Excerpted from our Checkers Games booklet.
The exact origin and date for checkers is disputed, but today it is generally believed that it dates as early as 1000 A.D., and that it is at least as old as Chess. An early description of checkers was published in Valencia, Spain in 1547 by Antonio Torquemada. Originally the capture of pieces was optional, but in the 1500's capturing pieces was made mandatory under some versions of the rules. Any piece which neglected to make a capture could be "huffed," or removed from the board by the opponent. Instruction to the Game of Draughts, was the first English work written on the game by William Prynne in 1756.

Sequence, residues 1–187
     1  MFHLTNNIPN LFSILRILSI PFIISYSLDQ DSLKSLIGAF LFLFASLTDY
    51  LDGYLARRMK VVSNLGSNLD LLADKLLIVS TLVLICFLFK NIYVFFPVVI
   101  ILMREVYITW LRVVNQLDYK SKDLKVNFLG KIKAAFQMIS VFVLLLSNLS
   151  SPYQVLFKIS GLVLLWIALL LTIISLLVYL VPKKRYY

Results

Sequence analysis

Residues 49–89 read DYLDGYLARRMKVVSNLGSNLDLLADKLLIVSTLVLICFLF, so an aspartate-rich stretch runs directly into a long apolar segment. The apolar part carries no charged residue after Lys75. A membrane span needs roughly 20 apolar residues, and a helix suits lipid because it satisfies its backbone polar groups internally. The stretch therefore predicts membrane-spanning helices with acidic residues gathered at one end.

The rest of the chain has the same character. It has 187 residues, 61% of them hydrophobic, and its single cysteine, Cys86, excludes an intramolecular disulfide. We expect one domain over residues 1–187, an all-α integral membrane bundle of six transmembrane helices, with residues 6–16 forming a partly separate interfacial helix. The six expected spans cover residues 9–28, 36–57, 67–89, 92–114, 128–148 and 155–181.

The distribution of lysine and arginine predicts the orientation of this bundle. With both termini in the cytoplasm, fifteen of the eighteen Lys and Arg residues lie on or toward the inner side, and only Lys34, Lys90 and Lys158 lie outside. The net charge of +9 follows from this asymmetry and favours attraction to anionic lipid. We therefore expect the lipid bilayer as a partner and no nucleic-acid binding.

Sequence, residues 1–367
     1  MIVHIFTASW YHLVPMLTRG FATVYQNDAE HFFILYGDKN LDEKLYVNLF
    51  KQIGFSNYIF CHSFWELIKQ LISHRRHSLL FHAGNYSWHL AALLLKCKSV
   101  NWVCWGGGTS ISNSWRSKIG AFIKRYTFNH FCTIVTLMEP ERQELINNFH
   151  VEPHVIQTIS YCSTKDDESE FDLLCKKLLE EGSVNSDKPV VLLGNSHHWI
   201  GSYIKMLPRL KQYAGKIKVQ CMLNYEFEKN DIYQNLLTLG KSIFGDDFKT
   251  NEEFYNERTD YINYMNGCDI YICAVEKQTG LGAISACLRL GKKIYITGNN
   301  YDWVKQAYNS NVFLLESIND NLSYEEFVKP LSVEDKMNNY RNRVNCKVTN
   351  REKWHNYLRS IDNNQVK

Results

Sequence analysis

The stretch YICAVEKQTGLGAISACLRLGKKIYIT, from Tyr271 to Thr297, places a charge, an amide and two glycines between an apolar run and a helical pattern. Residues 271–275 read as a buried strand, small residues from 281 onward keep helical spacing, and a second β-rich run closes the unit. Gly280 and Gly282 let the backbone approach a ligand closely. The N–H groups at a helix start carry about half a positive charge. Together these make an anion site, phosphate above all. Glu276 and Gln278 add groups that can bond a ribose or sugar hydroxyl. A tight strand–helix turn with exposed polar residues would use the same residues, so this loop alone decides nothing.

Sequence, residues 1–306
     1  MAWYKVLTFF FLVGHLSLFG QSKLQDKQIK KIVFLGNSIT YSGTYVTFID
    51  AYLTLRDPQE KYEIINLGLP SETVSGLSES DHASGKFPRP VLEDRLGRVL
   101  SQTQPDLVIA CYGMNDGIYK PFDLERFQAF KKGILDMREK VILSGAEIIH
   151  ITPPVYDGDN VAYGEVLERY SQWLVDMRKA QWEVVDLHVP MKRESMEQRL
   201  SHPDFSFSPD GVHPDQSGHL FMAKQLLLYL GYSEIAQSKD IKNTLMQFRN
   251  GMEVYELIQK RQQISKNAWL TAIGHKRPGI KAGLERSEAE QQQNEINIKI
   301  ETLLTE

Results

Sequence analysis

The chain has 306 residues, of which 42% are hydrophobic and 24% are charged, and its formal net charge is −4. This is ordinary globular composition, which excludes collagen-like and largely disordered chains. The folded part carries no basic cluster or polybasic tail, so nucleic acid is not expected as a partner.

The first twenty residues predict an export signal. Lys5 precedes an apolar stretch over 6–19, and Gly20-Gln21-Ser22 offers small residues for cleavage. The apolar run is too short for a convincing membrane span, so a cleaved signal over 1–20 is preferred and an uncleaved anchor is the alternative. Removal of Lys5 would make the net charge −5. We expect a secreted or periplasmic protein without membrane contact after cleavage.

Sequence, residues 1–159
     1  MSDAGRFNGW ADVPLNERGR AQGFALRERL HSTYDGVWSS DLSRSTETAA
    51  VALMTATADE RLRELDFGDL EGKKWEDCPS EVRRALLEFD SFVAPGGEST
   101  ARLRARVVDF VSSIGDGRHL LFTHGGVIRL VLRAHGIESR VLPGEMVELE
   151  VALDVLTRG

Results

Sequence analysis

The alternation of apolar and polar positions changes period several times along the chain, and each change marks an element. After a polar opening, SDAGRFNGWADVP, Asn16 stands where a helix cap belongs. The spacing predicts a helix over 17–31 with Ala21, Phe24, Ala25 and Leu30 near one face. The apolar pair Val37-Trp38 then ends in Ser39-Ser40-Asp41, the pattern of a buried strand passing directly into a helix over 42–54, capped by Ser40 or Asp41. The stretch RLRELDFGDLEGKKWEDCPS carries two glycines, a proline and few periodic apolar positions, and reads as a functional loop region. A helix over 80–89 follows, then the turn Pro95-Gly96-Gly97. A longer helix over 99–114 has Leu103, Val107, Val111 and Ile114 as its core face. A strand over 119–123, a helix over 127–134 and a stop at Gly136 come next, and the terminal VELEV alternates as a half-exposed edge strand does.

In less politically correct days Checkers was sometimes referred to as "Chess for Ladies." This deprecation of the game has continued in several languages: French, jeu des dames; German Damenspiel; Italian, il giuco delle dame; Portuguese, o jago das damas; and in Persia and Turkey: Daama. "English" checkers is most common variation played in America and throughout the English-speaking world, and was standardized by about 1800. In our rule booklet have included no less than fourteen variants of checkers, and other games which can be played on a checkerboard.

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